Trump Wants to Make Sure Cheap Imports Don’t Kill U.S. Steel Industry

Trump Wants to Make Sure Cheap Imports Don’t Kill U.S. Steel Industry

On Thursday, President Trump signed an executive order instructing the U.S. Commerce Department to start an investigation into claims that cheap steel imports kill the U.S. steel industry. The President is interested in finding out if the imports represent a national security risk and if they should be banned.

Steel ‘Critical’ for the U.S. Military

The president signed the order surrounded by several steel executives. The move comes months after ordering a military buildup as steel may affect defense. Trump described steel as a “critical” raw material for the U.S. economy and military. He added that the U.S. should not rely on foreign countries for the commodity.

Trump explained he took action for American workers, who also put him in the Oval Office. He reminded everyone that he has honored his campaign pledge to withdraw the U.S. from the Trans-Pacific Partnership.

The latest move is the first concrete action on trade since Trump took office. On the campaign trail, he complained “cheap imports” were killing U.S. economy.

On Thursday, Commerce Secretary Wilbur Ross underlined that a recent rise of 19.6% in steel imports had a negative impact on the country’s steel industry. Ross said the industry was affected despite 150 duty and antidumping orders on the metal. He said these measures failed to offset the negative impact of “unfairly traded imports” on the country’s steel industry.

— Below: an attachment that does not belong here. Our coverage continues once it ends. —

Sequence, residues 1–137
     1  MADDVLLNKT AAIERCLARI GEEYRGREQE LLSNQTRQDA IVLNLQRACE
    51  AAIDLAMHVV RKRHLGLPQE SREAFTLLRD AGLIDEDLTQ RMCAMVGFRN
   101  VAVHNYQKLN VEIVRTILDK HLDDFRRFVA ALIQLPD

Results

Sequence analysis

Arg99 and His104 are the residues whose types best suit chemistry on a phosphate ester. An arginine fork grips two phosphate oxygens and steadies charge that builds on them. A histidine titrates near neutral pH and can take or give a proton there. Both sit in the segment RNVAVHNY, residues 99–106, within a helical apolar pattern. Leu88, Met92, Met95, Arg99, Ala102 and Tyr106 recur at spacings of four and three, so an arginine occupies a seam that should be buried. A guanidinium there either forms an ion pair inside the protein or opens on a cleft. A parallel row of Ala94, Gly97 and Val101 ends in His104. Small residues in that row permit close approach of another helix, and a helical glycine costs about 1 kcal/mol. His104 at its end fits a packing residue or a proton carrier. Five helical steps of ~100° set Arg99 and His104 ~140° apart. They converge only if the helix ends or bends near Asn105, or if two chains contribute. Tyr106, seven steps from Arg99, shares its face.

He added that the U.S. has repeatedly asked other countries to fix excesses in steel supplies but to no avail. Cheap steel can undermine the U.S. industry as steel manufacturers are less likely to invest, conduct research and development, and hire skilled workers.

U.S. Eyes China

China’s steel industry currently produces nearly half of the world’s steel. During the 2016 presidential campaign, Trump criticized China for its cheap exports. At the time, the billionaire said that foreign countries including China were “dumping” steel across the U.S., which kills domestic steel companies and their workers.

U.S. steel makers accuse China of purportedly keeping prices down to gain a competitive edge against other countries, but the move is killing U.S. jobs across the industry.

In 2016, John Ferriola the head of a major steel company complained before Congress about China’s trade practices. Ferriola said the Asian country was, in fact, a company in the guise of a country that is actively engaged in an “economic warfare.”

According to the Commerce Department, the United States’ steel industry has lost 29% of its capacity since imports make up more than a quarter of the steel supply.

The recently-ordered investigation will be much exalted by Trump’s supporters, but it will surely stiffen relationships with China. Trump signed the latest order just days after he said China was not a “currency manipulator” as he had implied on the campaign trail.

Early this year, China slammed the U.S. for its “extreme” tariffs on Chinese products and complained about similar retaliatory trade measures from other countries in 2016. A Chinese official said trade disputes currently tend to have a political motivation, which leads to “extreme” measures and high tariff rates.
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